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A Crucial Step for Averting AI Disasters


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The risk of building blind spots or biases into tech products multiplies exponentially with artificial intelligence, damaging customers trust and cutting into profits.

The expanding use of AI is attracting new attention to the importance of workforce diversity.

Credit: Daria Kirpach

Data from the U.S. Bureau of Labor Statistics shows that, although technology companies have increased efforts to recruit women and minorities, computer and software professionals who write artificial intelligence (AI) programs remain largely white and male.

A byproduct of this lack of diversity is that datasets often lack adequate representation of women or minority groups.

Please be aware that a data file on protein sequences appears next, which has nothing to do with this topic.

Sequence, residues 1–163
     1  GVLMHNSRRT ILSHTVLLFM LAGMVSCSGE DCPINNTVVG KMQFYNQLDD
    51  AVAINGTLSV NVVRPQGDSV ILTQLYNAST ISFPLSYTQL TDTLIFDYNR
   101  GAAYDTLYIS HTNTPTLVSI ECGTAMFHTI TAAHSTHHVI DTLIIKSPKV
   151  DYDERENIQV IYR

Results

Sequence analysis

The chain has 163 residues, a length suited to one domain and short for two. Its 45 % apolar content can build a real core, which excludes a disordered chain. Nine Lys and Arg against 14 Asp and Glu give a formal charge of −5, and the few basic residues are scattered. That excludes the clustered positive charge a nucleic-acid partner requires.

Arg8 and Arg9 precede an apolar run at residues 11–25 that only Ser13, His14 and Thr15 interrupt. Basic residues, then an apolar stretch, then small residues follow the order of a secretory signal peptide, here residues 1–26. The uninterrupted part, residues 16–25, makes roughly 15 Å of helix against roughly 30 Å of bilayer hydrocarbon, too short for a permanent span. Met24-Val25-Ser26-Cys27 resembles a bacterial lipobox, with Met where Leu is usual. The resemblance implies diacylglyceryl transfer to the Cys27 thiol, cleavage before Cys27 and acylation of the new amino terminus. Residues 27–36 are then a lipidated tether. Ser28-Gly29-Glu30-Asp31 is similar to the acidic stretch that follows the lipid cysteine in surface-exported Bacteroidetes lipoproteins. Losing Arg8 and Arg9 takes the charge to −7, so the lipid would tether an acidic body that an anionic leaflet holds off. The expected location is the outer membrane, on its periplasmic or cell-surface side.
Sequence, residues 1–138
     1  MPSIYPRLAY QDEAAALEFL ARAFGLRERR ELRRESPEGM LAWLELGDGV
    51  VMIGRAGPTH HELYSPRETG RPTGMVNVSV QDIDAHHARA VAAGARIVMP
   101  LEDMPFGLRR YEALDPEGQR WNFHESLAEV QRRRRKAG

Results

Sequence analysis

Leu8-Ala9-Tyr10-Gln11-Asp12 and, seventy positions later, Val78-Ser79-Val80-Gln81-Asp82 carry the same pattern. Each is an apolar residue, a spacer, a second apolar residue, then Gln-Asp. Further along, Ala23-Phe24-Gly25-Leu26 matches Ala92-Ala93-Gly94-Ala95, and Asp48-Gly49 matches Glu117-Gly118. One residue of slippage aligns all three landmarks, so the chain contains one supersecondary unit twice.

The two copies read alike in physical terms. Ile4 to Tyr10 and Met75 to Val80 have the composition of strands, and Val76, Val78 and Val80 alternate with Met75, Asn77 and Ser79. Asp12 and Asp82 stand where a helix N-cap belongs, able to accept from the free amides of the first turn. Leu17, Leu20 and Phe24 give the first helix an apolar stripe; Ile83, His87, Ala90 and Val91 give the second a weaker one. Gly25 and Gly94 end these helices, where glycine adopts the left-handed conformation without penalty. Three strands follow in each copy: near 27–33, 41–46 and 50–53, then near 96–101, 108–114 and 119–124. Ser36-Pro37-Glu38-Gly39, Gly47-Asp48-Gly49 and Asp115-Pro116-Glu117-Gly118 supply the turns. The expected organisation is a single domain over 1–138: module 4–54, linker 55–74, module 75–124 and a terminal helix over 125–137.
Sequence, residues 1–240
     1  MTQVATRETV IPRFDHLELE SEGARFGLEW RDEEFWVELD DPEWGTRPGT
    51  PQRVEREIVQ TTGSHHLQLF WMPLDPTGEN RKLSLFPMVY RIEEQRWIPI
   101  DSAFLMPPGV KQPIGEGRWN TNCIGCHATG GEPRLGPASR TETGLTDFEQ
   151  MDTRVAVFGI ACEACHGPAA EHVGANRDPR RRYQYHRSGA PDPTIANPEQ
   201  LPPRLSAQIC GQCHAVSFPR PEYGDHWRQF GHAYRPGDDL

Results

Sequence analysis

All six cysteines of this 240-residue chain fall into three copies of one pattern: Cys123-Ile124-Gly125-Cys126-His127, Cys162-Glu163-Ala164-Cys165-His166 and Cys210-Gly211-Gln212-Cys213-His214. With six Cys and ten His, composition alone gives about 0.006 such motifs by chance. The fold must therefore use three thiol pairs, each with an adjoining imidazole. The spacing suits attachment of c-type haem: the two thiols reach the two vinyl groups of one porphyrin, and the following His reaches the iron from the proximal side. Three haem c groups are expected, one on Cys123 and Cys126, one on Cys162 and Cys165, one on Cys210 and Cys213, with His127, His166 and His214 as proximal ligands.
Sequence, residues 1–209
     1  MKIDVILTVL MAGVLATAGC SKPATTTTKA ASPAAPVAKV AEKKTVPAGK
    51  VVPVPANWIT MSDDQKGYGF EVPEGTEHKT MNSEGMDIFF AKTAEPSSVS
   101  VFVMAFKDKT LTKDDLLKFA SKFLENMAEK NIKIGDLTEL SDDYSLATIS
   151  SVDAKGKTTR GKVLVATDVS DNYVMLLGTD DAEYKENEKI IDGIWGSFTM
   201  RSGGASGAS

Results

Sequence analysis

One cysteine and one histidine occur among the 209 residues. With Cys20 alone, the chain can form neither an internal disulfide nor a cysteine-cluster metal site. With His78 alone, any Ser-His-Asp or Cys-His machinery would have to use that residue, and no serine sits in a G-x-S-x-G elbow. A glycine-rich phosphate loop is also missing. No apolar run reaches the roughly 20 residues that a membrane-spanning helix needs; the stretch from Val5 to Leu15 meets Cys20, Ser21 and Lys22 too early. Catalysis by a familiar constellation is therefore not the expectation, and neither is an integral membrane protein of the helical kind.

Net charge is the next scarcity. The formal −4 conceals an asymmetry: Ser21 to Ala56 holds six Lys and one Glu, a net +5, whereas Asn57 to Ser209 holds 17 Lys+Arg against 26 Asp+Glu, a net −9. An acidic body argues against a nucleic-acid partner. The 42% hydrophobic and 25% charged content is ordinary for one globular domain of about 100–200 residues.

For example, one widely used dataset is more than 74% male and 83% white, meaning algorithms based on this data could have blind spots or biases built in.

Biases in algorithms can skew decision-making, and many companies have realized that eliminating bias upfront among those who write code is essential.

Said Affectiva co-founder Rana el Kaliouby, "You need diversity in the data, and more important, in the team that's designing the algorithm."

From The Wall Street Journal
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Abstracts Copyright © 2019 SmithBucklin, Washington, DC, USA


 

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